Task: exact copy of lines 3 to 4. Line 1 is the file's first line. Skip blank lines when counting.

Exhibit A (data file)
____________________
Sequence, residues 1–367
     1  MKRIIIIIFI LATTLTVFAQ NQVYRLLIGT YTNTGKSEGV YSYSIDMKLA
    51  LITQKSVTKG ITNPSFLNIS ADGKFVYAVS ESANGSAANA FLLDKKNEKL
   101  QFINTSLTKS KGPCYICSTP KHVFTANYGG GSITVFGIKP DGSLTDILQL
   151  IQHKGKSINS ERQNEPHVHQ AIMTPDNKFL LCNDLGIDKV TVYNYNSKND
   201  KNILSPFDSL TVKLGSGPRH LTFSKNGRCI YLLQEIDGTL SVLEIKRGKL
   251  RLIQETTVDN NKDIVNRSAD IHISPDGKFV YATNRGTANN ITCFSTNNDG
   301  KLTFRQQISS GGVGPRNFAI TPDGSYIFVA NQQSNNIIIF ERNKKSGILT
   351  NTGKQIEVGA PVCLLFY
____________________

    51  LITQKSVTKG ITNPSFLNIS ADGKFVYAVS ESANGSAANA FLLDKKNEKL
   101  QFINTSLTKS KGPCYICSTP KHVFTANYGG GSITVFGIKP DGSLTDILQL